Discriminability TestingΒΆ

If you have repeated measures from the same subject, and want to see if these are different than those from other subjects. Let's look at the mathematical formulations:

With \(D_x\) as the sample discriminability of \(x\), one sample test performs the following test:

\[\begin{split}H_0 &: D_x = D_0 \\ H_A &: D_x > D_0\end{split}\]

where \(D_0\) is the discriminability that would be observed by random chance.

This can also be formulated as a two-sample test. Let \(\hat{D}_x\) denote the sample discriminability of one approach, and \(\hat{D}_y\) denote the sample discriminability of another approach. Then,

\[\begin{split}H_0 &: D_x = D_y \\ H_A &: D_x > D_y\end{split}\]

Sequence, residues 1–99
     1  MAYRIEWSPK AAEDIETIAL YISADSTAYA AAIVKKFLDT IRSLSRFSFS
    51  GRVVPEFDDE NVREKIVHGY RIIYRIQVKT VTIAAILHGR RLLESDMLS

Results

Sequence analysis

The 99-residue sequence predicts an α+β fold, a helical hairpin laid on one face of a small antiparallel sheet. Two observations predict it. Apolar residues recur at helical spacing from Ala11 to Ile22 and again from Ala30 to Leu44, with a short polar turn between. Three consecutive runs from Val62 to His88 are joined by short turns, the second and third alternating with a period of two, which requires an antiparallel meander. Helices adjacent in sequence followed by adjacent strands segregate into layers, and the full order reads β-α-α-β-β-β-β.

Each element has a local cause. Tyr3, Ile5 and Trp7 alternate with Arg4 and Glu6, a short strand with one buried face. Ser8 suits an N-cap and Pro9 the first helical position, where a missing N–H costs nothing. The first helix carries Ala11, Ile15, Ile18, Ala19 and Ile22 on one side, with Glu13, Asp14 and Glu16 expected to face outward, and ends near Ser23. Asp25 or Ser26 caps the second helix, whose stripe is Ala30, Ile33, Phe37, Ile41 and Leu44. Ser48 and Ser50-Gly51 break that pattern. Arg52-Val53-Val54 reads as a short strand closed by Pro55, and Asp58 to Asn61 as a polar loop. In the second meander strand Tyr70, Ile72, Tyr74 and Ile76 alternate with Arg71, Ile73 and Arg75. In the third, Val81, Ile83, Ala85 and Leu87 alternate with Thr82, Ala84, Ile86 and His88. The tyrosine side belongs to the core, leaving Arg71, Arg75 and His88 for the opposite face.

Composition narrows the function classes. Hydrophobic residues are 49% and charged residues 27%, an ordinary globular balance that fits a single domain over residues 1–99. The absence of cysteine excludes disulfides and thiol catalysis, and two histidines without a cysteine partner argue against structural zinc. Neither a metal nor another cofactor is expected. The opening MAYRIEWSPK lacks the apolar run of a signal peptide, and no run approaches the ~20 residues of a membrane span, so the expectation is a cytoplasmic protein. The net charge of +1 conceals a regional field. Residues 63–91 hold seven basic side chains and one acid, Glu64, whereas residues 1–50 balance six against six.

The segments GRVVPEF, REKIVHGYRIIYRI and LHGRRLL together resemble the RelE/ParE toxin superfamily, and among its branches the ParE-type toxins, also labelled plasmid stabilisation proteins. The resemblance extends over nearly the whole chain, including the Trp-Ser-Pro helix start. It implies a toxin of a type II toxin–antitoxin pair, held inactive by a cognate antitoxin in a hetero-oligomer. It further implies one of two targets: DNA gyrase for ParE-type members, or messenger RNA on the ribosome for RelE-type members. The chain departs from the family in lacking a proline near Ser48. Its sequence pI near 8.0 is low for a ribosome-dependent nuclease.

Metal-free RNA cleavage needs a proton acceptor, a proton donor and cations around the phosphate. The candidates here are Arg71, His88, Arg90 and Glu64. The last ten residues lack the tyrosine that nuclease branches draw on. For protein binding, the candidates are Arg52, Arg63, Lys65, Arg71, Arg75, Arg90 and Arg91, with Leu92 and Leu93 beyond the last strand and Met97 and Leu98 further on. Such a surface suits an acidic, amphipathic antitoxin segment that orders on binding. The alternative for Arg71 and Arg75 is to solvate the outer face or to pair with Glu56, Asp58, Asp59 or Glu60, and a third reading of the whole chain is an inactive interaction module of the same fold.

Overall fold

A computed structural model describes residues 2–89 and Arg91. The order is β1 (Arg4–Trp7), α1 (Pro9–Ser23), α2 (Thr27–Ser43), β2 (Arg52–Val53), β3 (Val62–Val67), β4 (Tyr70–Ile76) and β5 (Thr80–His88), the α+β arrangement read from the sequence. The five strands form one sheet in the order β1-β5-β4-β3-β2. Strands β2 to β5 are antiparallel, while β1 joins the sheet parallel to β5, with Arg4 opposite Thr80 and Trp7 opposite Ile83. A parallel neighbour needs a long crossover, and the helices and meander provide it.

Alternative tests can be done for \(D_x < D_y\) and \(D_x \neq D_y\).

Like all the other tests within hyppo, each method has a statistic and test method. The test method is the one that returns the test statistic and p-values, among other outputs, and is the one that is used most often in the examples, tutorials, etc. The p-value returned is calculated using a permutation test.

Discrimnability one-sample and Discrimnability two-sample are time series tests of independence. More details can be found in hyppo.discrim.DiscrimOneSample and hyppo.discrim.DiscrimTwoSample.

Each class has a is_dist parameter that indicates whether or not inputs are distance matrices. These distances must be Euclidean distance. Also, remove_isolates indicates whether or not to remove measurements with a single instance. Otherwise, these tests runs like any other test.

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